City Hall, Get Me Re-Write!
Innovative Grand Rapids designs require new development playbook
August 17, 2003 | By Andy Guy
Great Lakes Bulletin News Service
As innovative policies propel Grand Rapids’ downtown revival, leaders and citizens will soon begin work on much-needed revisions to city building and zoning codes.
GRAND RAPIDS — Eight months after adopting a nationally applauded plan to create what Michigan Governor Jennifer Granholm calls a “cool” city, the City of Grand Rapids is now taking the next step towards creating a choice urban lifestyle: Rewriting its basic code of conduct for construction and land use.
But as officials gear up to revise the local development rules, and urban revival moves to the forefront of Michigan’s political agenda, city leaders are colliding with a fact of current economic life — budget constraints. Rewriting zoning and building codes costs money, particularly when it involves outside consultants, many people, and neighboring governments. And the highly innovative model code many area developers and leaders are most interested in — called SmartCode — would require more staff and financial resources than the city currently has available.
Whether Grand Rapids will secure the funding to completely rework the current development code remains a question. But those familiar with the local law are certain of one thing: the city needs to do something soon. They point to projects like East Hills Center, currently rising at the corner of Diamond Street and Lake Drive, to make their point.
The Center will transform a vacant and polluted piece of property in downtown Grand Rapids into a hub for new businesses, pedestrians, and environmental responsibility. With rain-capturing gardens on both the roof and the ground, it will be the first built-out site in the city that does not discharge dirty storm water into sewers. The project, a partnership with local residents and foundations, will blend with the historic design character of its East Hills neighborhood.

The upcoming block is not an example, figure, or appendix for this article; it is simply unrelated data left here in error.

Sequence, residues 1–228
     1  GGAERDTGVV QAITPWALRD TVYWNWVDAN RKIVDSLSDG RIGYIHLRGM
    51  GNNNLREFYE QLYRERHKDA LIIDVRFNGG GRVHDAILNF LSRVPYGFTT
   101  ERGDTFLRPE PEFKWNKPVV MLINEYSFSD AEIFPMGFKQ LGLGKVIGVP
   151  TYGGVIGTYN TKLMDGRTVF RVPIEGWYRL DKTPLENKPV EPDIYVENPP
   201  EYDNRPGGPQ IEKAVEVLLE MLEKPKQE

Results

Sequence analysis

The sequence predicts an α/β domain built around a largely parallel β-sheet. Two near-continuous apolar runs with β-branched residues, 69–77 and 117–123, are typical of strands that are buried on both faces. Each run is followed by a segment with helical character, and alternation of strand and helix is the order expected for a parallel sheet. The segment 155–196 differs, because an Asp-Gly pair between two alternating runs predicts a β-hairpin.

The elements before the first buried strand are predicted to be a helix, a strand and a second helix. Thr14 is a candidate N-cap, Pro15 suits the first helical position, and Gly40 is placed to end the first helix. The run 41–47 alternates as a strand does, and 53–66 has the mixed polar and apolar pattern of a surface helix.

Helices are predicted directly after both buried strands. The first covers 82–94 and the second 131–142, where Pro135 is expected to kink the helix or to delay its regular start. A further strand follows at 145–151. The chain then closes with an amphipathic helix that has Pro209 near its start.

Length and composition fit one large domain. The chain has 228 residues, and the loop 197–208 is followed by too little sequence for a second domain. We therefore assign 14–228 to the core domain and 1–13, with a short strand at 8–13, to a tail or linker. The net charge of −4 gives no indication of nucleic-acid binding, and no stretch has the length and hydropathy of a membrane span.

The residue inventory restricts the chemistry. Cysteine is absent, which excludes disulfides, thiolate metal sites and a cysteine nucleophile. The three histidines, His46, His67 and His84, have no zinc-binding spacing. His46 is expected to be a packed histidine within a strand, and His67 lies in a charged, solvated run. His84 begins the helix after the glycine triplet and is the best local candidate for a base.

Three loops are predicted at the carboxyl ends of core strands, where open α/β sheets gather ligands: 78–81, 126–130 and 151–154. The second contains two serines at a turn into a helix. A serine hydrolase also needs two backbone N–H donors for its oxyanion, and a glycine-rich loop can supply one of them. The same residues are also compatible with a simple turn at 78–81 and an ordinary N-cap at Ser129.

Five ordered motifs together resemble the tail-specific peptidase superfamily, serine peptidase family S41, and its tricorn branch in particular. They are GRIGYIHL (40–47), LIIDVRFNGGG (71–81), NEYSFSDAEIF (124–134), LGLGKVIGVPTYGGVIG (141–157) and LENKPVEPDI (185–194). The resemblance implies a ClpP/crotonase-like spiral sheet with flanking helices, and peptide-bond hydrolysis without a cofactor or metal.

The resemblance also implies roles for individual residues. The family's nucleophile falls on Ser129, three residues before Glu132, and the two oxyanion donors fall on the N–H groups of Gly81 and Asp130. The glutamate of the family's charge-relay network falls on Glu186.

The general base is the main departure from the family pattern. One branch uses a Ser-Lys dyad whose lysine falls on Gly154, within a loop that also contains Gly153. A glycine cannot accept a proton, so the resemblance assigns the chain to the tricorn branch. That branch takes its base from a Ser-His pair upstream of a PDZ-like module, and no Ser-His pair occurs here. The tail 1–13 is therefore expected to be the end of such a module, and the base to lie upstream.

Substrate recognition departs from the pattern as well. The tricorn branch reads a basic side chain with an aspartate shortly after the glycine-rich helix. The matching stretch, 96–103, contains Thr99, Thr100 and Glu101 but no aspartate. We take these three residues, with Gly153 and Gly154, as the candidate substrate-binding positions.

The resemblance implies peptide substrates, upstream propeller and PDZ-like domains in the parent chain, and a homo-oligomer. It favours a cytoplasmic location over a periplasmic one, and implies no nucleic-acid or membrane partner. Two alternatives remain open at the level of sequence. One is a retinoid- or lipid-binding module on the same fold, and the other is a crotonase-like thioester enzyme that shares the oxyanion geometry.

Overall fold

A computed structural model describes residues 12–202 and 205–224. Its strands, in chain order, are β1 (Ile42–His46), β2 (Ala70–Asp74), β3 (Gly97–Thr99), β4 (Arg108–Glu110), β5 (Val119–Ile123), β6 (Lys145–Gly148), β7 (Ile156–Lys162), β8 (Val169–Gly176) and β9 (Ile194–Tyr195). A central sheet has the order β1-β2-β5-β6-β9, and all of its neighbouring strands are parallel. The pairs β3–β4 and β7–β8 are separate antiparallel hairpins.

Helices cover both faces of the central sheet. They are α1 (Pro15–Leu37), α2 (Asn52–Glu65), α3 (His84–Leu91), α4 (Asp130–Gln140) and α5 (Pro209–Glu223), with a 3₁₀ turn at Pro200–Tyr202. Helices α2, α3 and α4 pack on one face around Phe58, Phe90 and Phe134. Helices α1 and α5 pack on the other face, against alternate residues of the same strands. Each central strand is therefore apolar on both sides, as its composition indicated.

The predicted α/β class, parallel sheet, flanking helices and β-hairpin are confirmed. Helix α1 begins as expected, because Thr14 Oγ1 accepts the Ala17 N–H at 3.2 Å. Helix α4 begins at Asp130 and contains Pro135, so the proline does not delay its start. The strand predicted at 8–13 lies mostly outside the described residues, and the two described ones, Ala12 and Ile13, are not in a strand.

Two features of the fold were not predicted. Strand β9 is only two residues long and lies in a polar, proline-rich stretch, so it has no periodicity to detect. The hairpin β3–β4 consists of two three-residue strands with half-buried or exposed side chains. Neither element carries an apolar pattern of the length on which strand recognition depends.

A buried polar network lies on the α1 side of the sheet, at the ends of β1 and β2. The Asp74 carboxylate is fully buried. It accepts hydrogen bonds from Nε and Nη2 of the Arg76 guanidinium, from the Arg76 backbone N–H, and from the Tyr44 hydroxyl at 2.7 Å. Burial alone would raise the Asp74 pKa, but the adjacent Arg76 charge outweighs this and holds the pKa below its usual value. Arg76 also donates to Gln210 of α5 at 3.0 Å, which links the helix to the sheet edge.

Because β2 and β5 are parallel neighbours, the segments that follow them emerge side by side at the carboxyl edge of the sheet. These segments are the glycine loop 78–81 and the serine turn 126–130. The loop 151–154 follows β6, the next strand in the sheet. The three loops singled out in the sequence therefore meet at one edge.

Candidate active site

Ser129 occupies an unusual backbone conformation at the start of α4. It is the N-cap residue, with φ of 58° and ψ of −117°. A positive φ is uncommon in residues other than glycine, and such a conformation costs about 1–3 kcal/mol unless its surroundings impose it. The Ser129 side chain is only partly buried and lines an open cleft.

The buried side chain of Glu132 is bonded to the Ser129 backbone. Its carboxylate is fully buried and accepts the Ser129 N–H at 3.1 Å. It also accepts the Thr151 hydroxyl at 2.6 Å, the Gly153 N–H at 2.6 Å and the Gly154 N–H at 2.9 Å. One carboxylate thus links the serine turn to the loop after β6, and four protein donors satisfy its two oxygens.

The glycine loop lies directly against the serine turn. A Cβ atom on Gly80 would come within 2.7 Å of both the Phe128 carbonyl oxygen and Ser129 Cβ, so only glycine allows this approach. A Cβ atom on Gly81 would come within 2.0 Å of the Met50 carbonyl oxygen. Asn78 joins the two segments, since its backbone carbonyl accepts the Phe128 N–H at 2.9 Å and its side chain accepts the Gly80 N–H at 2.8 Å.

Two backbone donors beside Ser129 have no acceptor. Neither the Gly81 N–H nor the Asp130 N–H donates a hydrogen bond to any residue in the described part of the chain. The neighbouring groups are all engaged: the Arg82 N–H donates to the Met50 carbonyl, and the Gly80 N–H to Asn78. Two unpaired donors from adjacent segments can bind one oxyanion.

But getting the project’s beneficial and innovative plans approved was no easy stroll through city hall. It failed to conform to many city building and zoning codes, forcing its developer, Guy Bazzani, to officially request exemptions from obsolete rules concerning, among other things, parking spaces and building setbacks.
“It seems like we need a variance every time we want to do something that’s encouraged by the city’s new Master Plan,” Mr. Bazzani said. “The request generally is approved. But the process can take two months. The city’s current zoning law doesn’t resemble its new Master Plan in any way, shape, or form.”
Grand Rapids invested two years and approximately $500,000 designing its 2002 Master Plan, the document that articulates the community’s philosophy about what, where, and how to develop in the city. But the existing zoning code — the rules of the local development game — is geared to the city’s old Master Plan, written in 1963 and embracing a different urban philosophy.
For example, the new plan strives to accommodate pedestrians and encourage public transit services by blending residential and commercial districts. But the current code caters more to the automobile by separating homes, bars, offices, and grocery stores. Experts say the old zoning code also fails to acknowledge the unique identity of individual neighborhoods in development decisions and pays little attention to the physical appearance of new buildings. They add that it is negative in tone and focused on prohibiting unfavorable activities rather than promoting the desired development style.
Developers, city officials, and residents agree that now is the time to change the rules. The new zoning code will reset the local philosophy about construction quality and influence the physical shape and psychological feel of commercial districts and residential neighborhoods. But it also could set a new standard for how Michigan cities evolve in form and function, experts said. In fact, the urban planning process itself has already earned Grand Rapids public praise and national recognition, something that’s rare for a Michigan metro area.
Grand Rapids and Its Citizens Lead the Way
The National Civic League named Grand Rapids, the state’s second-largest city, as a 2003 All-America City Award finalist. The city earned the nomination for its 2002 Master Plan to strengthen inner city neighborhoods, breathe new life into dormant business districts, provide better mobility, and protect natural resources.